SHARK WATCH


An incredible sighting of 70 adult basking sharks 3 miles north of Guernsey as well as early leatherback turtle sightings in Cornwall suggests that 2004 will be a great year for spotting spectacular marine wildlife in our seas. The Marine Conservation Society’s (MCS) Basking Shark Watch and Turtle watch sightings schemes, encourage the general public, especially sea users, to record their encounters with these animals. Joana Doyle, MCS Biodiversity Projects Officer, explains why we need you to keep your eyes open this summer!
The Basking Shark, reaching 11m (36 feet) in length and weighing up to 7 tonnes is the largest fish in the North-east Atlantic. Their colossal size allows them to be easily identified as they glide through the surface waters filtering up to 2000 cubic metres (that’s equivalent to an Olympic sized swimming pool) of seawater per hour feeding on the minute plankton. The critically endangered leatherback is the largest of the marine turtles reaching a length of 2.9m (12 feet) and is the most commonly recorded marine turtle in our waters. Very little is known about the life history and ecology of these spectacular animals, so it is vital that we continue to collect information on their numbers and distribution to aid management and to provide recommendations for their protection in Irish waters.


MCS has been promoting public participation in Basking Shark Watch since 1987, and as a result we have received over 17,000 shark reports from the general public. This has led to the identification of ‘hotspots’ for shark spotting- Southwest England, the Isle of Man, the Firth of Clyde and possibly Strangford Lough in Northern Ireland. Turtle Watch was launched more recently in 2001, but since then over 150 turtle sightings have been reported to the national database of turtle sightings. But it’s not just the giant sea creatures that MCS is interested in. Last year we launched our National Jellyfish Survey with the aim of creating a national picture of the seasonal and geographical distribution of jellyfish. Hopefully the results will allow us to predict where foraging leatherbacks might occur when they visit our seas.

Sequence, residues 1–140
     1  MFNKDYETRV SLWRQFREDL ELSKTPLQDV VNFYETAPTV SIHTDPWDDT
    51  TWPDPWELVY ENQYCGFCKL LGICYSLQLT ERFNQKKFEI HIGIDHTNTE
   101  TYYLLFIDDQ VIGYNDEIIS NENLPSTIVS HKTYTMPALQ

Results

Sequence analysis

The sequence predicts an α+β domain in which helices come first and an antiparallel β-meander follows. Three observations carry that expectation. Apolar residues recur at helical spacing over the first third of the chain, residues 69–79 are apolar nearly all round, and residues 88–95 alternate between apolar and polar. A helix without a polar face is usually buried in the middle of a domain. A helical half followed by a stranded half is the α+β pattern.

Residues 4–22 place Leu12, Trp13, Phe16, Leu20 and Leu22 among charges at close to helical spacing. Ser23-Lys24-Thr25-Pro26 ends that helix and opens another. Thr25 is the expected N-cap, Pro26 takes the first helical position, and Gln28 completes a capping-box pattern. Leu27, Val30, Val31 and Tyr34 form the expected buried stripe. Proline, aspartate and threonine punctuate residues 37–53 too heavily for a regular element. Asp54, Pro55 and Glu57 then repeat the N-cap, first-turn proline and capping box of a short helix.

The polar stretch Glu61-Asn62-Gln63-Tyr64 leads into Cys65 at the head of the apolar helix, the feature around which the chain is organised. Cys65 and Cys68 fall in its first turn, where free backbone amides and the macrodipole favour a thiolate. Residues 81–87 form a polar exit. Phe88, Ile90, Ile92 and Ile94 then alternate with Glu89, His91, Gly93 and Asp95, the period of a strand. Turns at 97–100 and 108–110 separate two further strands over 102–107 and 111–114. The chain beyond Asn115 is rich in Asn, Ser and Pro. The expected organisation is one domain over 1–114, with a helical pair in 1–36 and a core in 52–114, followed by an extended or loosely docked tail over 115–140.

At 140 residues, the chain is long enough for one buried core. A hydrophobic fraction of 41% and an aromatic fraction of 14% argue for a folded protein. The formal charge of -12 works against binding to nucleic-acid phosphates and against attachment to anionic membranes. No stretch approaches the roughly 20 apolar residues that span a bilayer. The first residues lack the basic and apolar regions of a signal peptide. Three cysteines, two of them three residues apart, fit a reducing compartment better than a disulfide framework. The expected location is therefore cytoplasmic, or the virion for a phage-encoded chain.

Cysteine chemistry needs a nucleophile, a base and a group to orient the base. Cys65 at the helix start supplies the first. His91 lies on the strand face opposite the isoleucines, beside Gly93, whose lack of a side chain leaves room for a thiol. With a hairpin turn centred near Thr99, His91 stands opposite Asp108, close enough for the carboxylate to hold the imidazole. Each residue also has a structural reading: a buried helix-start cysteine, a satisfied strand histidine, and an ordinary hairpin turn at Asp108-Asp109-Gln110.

We are appealing to you to report your encounters with marine wildlife and jellyfish swarms in order to help us increase awareness and knowledge of these extraordinary creatures of the ocean. Please call us for copies of our Basking Shark Watch recording cards, the UK Turtle Code or the MCS Jellyfish ID Guide. Alternatively, basking shark and turtle sightings can be reported online at www.mcsuk.org and turtles can also be reported to Marine Environmental Monitoring on 01348 8750000.


Joana Doyle Tel: 01989 561 591
Biodiversity Projects Officer Fax: 01989 567815
Marine Conservation Society E-mail: jo@mcsuk.org
Unit 3, Wolf Business Park www.mcsuk.org
Alton Rd, Ross on Wye, HR9 5NB


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